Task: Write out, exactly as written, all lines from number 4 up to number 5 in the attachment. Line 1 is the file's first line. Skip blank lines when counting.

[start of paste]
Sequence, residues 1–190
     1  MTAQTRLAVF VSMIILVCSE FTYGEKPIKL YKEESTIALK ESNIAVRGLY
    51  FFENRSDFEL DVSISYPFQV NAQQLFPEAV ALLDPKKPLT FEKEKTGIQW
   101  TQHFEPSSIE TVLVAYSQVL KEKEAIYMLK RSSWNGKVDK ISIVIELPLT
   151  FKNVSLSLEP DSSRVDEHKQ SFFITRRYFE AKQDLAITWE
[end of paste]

   101  TQHFEPSSIE TVLVAYSQVL KEKEAIYMLK RSSWNGKVDK ISIVIELPLT
   151  FKNVSLSLEP DSSRVDEHKQ SFFITRRYFE AKQDLAITWE